Before an appearance in Travis County District Court, Armstrong’s attorney, Rick Cofer, filed a motion for a speedy trial, according to court records.
Prosecutors argued they haven’t received all the evidence so it is too soon for them to go to trial, according to KEYE. The next court date is scheduled for October 19, according to the docket.
“Miss Armstrong wants her day in court. She wants a trial. And you heard the district attorney threatened sanctions over her desire for a trial. As matter of course, cases should not be indicted if prosecutors are not prepared to proceed, but we have some questions,” Cofer said Wednesday after court.
“All I can ask of the press here is that you not consider everything told to you by law enforcement as confirmed and reportable facts. Simply put, there’s a lot more to the story than has yet been heard,” Cofer added.
Cofer said he will file motions challenging the conduct and investigation of the Austin Police Department, and he looks forward to this being heard at trial in a court of law, according to KEYE.
CNN has reached out to Armstrong’s attorney but has not yet heard back.
Armstrong, 34, is being held on $ 3.5 million bond. She is being housed at the Travis County Jail in Austin, according to jail records.
Elite cyclist Moriah “Mo” Wilson was found dead May 11 with multiple gunshot wounds at the home of a friend in Austin, authorities said. She had told her friend she was going for an afternoon swim with Colin Strickland, 35, a professional cyclist and Armstrong’s boyfriend. Strickland told police he and Wilson swam and ate dinner, and he dropped her off at the friend’s home, according to an arrest affidavit in Travis County District Court.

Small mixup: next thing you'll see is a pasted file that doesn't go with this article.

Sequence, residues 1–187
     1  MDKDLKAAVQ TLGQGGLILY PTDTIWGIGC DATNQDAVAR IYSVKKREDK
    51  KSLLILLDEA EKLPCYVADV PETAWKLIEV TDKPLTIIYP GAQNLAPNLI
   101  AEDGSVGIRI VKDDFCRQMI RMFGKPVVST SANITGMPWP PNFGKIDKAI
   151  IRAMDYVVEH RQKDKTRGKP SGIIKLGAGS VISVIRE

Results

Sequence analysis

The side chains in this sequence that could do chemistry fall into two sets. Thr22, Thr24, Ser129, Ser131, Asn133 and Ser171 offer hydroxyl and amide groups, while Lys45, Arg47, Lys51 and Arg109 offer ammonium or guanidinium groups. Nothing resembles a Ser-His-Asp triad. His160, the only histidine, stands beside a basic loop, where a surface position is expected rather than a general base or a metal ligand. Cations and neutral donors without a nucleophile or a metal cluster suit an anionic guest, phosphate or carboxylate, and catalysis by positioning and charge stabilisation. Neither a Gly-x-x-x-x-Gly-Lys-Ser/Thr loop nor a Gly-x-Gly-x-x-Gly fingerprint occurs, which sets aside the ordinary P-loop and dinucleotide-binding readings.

Investigators have said romantic jealousy might have been a motivating factor in the killing.
Strickland considered Wilson, 25, to be one of the best cyclists in the world, he told police, and a VeloNews feature
published on the day of her death called her “the winningest woman in the American off-road scene.” Wilson won a series of races in California this spring, the article notes, before traveling to Austin for a race.
Armstrong was captured in Costa Rica on June 29 and was deported to the United States on July 2
to face a murder charge.
A spokesperson for the US Marshals Service said earlier this month authorities believed Armstrong used the passport of a close associate to go to Costa Rica and while there used several aliases while moving several times to a new town.
Armstrong was detained for violating Costa Rican law for fraudulently using of a passport, according to Marshals spokesperson Brandon Filla.
Armstrong is also facing an added federal charge of unlawful flight to avoid prosecution.